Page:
I've commented before about how costly it is to obtain oil from unconventional sources, such as oil sands (actually bitumen). The Globe and Mail, from Canada, offers this article that recounts the impact on water from the oil sands operation. This is not a pretty picture and the costs appear to be staggering. I have cut some excerpts, but the article is fairly quick reading, and jargon free.
Water is the one resource that we all need. It's destruction impacts the foundation of life across many dimensions, from the water we drink out of a glass to the moisture that nourishes our food crops. The next time some energy executive suggests mining oil sands or the oil shale out West, ask him (or her) if they'd care to share a glass of water from the Athabasca or Mackenzie Rivers in Canada, downstream from the oil sand operations.
Schindler predicts that a collision of population growth, drought and climate warming will soon teach "Albertans first-hand what water scarcity is all about." He thinks that rapid oil sands development may well be water's tipping point. While some in the industry agree, many others see shortfalls as another challenging opportunity that calls for technological fixes. "With the pressure on water in northern Alberta, one thing is for sure," says John Robertson, a senior manager with CH2M Hill, the global engineering giant: The industry will have to spend "hundreds of millions in the next few years to treat and reuse water."
The size of the industry
In the last 12 years, the world's most powerful oil companies, including Imperial Oil, Shell, ConocoPhillips, British Petroleum, Total and Norway's StatoilHydro, have all rushed to Fort McMurray to plunk down more than $150 billion in the oil sands. The frenzied pace of investment and construction in one of the globe's last proven oil reserves has created a national project even bigger than the transcontinental railway. The oil sands are the world's largest energy project. Nothing in any sector matches it for capital investment.
On average, the mines consume between three and four barrels of fresh water to produce one barrel of bitumen. Most of the water is heated to separate the hydrocarbons from sand and clay in a process akin to operating a giant washing machine. Although companies such as Syncrude recycle their water as many as 18 times, the industry still procures most of its water from the Athabasca River or from aquifers that feed the river.
Where the Water Ends Up
Some 90% of the water withdrawn from the Athabasca River for the oil sands ends up as waste in tailings ponds. Nearly a dozen ponds line both sides of the river and pose an enduring threat to the entire Mackenzie River basin. Many are already leaking and creating their own tainted wetlands. Even the pro-development Alberta Chamber of Resources considers this primitive form of long-term storage "a risk to the oil sands industry."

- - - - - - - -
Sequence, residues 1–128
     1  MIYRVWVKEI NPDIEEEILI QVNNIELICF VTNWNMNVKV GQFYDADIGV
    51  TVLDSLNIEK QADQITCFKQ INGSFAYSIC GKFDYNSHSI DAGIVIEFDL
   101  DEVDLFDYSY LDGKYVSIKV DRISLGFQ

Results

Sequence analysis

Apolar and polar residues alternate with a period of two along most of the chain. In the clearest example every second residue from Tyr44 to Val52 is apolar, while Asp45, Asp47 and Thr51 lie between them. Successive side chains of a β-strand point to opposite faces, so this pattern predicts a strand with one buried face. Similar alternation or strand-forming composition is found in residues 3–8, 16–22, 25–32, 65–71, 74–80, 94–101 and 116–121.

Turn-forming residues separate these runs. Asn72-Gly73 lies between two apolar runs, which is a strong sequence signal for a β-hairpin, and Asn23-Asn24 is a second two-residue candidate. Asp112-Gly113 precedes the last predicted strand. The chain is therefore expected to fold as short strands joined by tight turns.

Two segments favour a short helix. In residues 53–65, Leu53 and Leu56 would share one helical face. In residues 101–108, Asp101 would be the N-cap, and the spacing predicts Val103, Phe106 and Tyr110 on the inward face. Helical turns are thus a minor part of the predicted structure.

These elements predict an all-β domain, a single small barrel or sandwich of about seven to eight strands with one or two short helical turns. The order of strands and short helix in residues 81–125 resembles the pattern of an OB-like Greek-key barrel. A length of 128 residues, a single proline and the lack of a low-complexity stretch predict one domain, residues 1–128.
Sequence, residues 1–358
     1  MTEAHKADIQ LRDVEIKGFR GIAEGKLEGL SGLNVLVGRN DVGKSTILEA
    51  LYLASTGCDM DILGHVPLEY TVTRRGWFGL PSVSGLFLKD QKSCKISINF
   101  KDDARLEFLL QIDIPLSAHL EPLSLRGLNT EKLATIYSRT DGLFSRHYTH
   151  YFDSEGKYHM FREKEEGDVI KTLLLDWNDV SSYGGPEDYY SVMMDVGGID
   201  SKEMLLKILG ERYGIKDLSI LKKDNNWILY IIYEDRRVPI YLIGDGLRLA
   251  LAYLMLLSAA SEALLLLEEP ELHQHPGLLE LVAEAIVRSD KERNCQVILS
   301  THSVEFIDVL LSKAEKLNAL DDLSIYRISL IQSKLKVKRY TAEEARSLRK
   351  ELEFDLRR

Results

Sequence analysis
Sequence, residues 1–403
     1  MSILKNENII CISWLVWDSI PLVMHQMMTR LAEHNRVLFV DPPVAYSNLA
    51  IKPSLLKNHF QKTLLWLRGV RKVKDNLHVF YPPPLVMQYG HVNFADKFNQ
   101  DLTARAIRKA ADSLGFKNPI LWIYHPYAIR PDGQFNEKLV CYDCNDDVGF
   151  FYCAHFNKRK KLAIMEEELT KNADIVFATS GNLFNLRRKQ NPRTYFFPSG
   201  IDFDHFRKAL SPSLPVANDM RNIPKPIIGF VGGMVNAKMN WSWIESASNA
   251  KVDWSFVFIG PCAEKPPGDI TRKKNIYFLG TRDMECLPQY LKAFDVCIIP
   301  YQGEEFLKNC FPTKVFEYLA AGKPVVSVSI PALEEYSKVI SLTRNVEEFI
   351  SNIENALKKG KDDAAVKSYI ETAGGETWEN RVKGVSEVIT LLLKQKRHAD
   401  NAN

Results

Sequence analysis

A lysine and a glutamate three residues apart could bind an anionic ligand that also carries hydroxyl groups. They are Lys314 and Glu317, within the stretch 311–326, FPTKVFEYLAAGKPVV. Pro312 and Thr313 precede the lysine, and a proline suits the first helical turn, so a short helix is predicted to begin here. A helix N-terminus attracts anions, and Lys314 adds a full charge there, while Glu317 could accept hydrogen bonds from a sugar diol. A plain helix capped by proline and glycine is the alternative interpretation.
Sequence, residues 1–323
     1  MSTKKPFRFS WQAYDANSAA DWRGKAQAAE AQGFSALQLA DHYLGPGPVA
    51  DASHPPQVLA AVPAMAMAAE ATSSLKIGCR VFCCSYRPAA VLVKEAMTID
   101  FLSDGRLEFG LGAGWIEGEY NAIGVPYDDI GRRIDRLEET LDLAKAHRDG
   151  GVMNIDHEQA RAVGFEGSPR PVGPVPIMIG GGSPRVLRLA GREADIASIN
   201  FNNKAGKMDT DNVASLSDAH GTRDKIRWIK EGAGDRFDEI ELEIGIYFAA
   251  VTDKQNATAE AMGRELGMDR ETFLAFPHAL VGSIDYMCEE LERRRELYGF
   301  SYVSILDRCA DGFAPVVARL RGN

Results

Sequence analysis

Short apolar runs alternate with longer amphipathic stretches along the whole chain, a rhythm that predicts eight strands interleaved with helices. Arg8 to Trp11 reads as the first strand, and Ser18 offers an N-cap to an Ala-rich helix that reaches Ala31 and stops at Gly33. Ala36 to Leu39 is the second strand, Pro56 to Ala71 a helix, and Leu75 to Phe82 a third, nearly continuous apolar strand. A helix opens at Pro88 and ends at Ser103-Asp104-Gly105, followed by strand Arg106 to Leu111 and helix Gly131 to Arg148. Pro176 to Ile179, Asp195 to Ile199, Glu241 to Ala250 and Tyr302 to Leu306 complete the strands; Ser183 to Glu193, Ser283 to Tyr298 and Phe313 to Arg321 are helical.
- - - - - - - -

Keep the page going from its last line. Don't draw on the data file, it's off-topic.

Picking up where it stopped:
The ponds, which contain a ketchup-consistency mix of water, oil and clay, give off a strong aroma of hydrocarbons and rarely freeze. Minnows dropped into the ponds die within 96 hours; unwary ducks get coated by surface oil and drown.
The ponds, like everything in the oil sands, are supersized. The dykes that contain the ponds can reach 100 metres in height. Although the ponds already cover 55 square kilometres of forest and muskeg, they've just begun. Within a decade, they will cover an area of 150 square kilometres.
The Risks of Dyke Failure
The prospect of a major dyke failure has also raised concerns. Every tailings pond contains polycyclic aromatic hydrocarbons (PAHs), napthenic acids, heavy metals, salts and bitumen. The Canadian Association of Petroleum Producers reports that of 25 PAHs studied by the U.S. Environmental Protection Agency, 14 are human carcinogens. Both PAHs and napthenic acids kill fish.
In 2003, the intergovernmental Mackenzie River Basin Board identified the tailings ponds as a singular threat. It noted that "an accident related to the failure of one of the oil sands tailing ponds could have a catastrophic impact on the aquatic ecosystem of the Mackenzie River basin."
The Cost of Recovering the Boreal Lands
The final act of the oil sands process will be reclamation of the land. The mining will eventually dig up an area that is the size of Lake Erie and is largely comprised of boreal wetlands. Wetlands are known as the "kidneys" of a watershed because they regulate flow and remove contaminants. According to Lee Foote, a wetlands specialist at the University of Alberta, no one really knows yet how to reclaim a fen, bog or peatland in the oil sands. He calculates that the cost of replacing the projected 96,000 hectares of mined wetland, depending on the replacement standards adopted, could, at $25,000 a hectare, range between $7 billion and $24 billion. "It's a significant liability if it can be done at all," Foote says.